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Freeport LNG Ship Terminal Texas

An LNG carrier docked at Freeport LNG Ship Terminal Texas - Image via LNG Development, L.P.

Freeport LNG Ready to Restart Commercial Operations at Key Export Plant Hit by Fire

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February 13, 2023

By Scott DiSavino

Feb 13 (Reuters) – Freeport LNG sought permission from federal regulators on Monday to restart commercial operations at its long-idled liquefied natural gas (LNG) export plant in Texas, a move that could soon provide the world with another much needed source of the super-cooled fuel.

The amount of gas flowing from U.S. pipelines to Freeport jumpedon Monday to its highest since the facility was shut by a fire in June 2022 after the company restarted one of the plant’s three liquefaction trains, which turn gas into LNG for export.

But energy regulators and analysts have said they do not expect Freeport, the second-biggest U.S. LNG export plant, to return to full commercial operations for months.

In a filing with the U.S. Federal Energy Regulatory Commission (FERC) on Monday, Freeport asked for permission to put what it called Phase 1 of its restart plan into commercial operation.

Phase 1 includes the full restart of the plant’s three liquefaction trains, two storage tanks and one LNG loading dock.

Freeport said it would appreciate an answer from FERC on Monday “if at all possible,” as it was ready to restart liquefaction Train 2 now and expects to be ready to restart Train 1 in the next few weeks.

Gas flows to the plant were on track to reach 0.5 billion cubic feet per day (bcfd) on Monday, according to data provider Refinitiv, up from an average of 43 million cubic feet per day since federal regulators approved Freeport’s plan to start cooling parts of the plant on Jan. 26.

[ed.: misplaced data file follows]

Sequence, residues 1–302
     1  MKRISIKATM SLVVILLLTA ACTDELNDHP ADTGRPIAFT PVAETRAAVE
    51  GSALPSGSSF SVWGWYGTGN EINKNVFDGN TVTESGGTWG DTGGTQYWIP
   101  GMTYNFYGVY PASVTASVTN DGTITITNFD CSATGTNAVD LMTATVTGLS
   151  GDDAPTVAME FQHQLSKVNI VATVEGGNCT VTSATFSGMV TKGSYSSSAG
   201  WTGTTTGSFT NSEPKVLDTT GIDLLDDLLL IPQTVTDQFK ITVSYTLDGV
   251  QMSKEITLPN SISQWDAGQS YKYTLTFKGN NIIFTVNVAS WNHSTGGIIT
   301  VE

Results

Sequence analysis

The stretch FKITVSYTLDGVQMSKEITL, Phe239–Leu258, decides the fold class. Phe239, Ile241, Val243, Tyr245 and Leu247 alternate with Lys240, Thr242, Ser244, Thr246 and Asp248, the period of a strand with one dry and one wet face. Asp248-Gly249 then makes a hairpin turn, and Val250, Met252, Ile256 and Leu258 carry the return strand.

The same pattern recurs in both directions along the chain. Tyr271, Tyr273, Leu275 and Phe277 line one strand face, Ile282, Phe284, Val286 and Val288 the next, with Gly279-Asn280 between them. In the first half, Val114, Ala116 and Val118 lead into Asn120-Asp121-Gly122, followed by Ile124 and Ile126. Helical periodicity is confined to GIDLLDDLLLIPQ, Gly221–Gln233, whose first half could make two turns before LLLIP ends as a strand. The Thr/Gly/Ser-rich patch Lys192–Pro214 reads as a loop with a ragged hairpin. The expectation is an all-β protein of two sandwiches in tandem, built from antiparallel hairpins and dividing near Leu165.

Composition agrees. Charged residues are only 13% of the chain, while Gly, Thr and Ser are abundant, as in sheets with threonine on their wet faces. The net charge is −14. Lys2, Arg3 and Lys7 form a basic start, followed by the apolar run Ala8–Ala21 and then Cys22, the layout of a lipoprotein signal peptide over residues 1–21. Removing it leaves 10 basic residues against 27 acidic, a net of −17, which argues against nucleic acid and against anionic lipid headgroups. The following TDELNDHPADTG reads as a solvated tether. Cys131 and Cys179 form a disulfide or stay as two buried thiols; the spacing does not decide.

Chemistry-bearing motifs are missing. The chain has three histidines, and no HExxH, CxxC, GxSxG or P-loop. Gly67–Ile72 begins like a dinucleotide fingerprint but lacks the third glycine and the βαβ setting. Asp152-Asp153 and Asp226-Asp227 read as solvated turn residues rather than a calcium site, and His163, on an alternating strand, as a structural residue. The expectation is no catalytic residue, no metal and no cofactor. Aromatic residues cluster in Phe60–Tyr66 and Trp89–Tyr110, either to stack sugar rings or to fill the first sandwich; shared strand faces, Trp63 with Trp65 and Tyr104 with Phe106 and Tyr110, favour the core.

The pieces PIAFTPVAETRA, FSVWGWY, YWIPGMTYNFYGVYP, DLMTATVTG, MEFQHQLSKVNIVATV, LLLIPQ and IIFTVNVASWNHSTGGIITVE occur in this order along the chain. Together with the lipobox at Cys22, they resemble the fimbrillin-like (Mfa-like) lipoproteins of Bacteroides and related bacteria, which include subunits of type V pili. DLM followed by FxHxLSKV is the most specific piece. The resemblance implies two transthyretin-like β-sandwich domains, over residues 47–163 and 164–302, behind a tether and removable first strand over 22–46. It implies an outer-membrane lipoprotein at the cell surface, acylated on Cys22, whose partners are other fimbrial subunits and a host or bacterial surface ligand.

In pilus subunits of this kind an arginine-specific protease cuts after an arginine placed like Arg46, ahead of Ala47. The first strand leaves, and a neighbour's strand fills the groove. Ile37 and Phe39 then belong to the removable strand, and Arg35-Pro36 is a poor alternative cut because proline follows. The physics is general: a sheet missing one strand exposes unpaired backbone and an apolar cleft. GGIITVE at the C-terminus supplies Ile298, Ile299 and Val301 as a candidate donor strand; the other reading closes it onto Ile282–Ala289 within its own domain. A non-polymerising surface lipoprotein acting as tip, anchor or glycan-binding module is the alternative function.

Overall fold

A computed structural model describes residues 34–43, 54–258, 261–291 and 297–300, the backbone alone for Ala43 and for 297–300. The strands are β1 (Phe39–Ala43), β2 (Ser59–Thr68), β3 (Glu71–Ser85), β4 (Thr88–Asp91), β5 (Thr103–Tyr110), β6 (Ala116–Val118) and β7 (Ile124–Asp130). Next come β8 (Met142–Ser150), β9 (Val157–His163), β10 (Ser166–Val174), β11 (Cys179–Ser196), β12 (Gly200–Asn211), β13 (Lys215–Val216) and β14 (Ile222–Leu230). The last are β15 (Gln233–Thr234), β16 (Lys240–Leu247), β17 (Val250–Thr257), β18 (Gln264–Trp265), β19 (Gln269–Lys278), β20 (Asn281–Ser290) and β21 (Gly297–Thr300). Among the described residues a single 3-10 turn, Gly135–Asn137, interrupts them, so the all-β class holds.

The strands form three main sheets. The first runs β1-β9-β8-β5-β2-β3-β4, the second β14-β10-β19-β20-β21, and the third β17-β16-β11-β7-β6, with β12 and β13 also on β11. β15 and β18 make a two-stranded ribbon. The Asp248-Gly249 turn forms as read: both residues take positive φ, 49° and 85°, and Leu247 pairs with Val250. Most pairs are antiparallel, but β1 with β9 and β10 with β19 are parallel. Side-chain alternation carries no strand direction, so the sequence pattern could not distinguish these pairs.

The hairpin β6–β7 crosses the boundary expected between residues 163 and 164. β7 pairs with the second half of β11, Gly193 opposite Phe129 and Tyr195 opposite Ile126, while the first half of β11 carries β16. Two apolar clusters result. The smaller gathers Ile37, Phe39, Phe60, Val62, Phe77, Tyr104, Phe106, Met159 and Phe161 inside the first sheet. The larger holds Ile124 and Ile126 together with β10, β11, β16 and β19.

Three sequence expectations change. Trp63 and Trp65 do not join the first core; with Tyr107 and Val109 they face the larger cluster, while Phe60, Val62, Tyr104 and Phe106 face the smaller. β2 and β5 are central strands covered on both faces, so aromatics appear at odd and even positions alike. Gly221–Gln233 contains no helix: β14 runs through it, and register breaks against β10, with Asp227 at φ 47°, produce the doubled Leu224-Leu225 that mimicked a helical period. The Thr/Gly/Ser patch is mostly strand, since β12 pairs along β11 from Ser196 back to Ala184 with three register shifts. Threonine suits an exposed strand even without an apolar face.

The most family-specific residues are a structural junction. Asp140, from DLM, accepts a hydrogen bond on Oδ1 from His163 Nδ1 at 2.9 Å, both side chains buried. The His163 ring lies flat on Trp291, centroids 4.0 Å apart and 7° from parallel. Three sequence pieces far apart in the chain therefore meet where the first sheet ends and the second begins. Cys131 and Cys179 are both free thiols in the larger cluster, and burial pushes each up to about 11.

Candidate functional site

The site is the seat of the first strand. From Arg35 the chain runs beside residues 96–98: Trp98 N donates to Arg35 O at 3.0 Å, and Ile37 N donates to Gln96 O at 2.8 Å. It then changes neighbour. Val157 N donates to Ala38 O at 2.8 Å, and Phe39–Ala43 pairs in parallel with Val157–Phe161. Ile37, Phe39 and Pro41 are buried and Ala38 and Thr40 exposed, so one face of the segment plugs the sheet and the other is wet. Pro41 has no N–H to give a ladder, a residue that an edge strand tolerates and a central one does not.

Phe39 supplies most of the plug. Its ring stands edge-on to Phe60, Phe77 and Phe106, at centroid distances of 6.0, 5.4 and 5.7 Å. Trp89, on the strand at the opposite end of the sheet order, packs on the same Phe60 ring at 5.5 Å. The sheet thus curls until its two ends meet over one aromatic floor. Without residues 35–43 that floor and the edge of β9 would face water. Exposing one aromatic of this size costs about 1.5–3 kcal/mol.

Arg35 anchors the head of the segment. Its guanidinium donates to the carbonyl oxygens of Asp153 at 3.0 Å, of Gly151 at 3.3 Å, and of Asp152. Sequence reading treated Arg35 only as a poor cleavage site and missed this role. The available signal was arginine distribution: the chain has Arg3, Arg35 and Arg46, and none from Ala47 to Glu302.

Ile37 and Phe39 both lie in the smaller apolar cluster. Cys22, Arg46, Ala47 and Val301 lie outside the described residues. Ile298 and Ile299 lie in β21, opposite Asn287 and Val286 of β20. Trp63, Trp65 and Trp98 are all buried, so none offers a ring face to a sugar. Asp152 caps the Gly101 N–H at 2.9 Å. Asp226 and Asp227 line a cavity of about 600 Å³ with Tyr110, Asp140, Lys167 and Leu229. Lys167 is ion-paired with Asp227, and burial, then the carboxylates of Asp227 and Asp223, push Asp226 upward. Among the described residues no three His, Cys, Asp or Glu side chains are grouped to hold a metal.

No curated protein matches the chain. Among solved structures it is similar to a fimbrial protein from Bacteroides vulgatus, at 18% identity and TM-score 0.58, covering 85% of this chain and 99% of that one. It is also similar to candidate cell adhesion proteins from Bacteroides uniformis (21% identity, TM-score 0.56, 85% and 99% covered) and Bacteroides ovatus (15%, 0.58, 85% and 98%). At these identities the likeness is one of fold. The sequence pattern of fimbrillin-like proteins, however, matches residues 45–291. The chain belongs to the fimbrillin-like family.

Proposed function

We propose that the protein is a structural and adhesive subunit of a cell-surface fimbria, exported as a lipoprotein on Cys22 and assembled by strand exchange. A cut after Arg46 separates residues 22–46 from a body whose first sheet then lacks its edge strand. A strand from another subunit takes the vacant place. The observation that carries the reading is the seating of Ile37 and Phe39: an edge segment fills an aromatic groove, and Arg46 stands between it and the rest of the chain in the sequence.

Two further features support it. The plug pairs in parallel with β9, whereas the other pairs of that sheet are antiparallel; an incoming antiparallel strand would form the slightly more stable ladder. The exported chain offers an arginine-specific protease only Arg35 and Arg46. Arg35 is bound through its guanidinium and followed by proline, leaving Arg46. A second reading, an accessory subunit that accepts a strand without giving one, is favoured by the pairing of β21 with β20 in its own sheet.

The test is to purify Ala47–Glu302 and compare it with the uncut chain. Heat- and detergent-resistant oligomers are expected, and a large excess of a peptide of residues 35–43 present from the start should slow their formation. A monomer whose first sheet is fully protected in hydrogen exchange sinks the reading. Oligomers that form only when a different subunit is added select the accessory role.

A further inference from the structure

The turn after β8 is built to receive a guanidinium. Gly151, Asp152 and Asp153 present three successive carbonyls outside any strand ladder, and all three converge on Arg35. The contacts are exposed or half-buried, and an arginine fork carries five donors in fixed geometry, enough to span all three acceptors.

That is still only a fraction of the 2.1 bcfd of gas Freeport can turn into LNG when operating at full power. One billion cubic feet of gas is enough to supply about 5 million U.S. homes for a day.

Despite the increase in feedgas flows to Freeport, U.S. gas futures NGc1fell about 5% on Monday, putting the contract on track to close at a 25-month low. NGA/

That is because the gas market was more focused on a decline in domestic demand for the fuel for heating with the weather expected to remain mostly warmer than normal for the rest of February.


On Saturday, Texas residents grilled U.S. energy regulators over their supervision of Freeport and other LNG plants.

Bryan Lethcoe, a regional director at the U.S. Pipeline Hazardous Materials Safety Administration (PHMSA), said it would take “a number of months” for Freeport to return to full operation.

That is similar to the “mid-March or later” timeframe many energy analysts have projected for Freeport’s full return.

Officials at Freeport had no comment.

A couple of Freeport’s customers – Japan’s JERA and Osaka Gas – have said they do not expect to get LNG from the plant until after March.

Freeport’s other big buyers include units of BP PLC, TotalEnergies and SK E&S.

BP’s Kmarin Diamond was the first vessel to pick up LNG at Freeport since the plant shut.

The tanker, which has already left the facility and is on its way to the Suez Canal in Egypt, picked up LNG to create space in Freeport’s storage tanks for new LNG expected to be produced.

There is already another vessel at the plant – Prism Agility – operated by South Korea’s SK E&S, according to Refinitiv and other ship tracking data.

(Reporting by Scott DiSavino; Additional reporting by Deep Vakil in Bengaluru; Editing by Marguerita Choy and Paul Simao)

(c) Copyright Thomson Reuters 2023.

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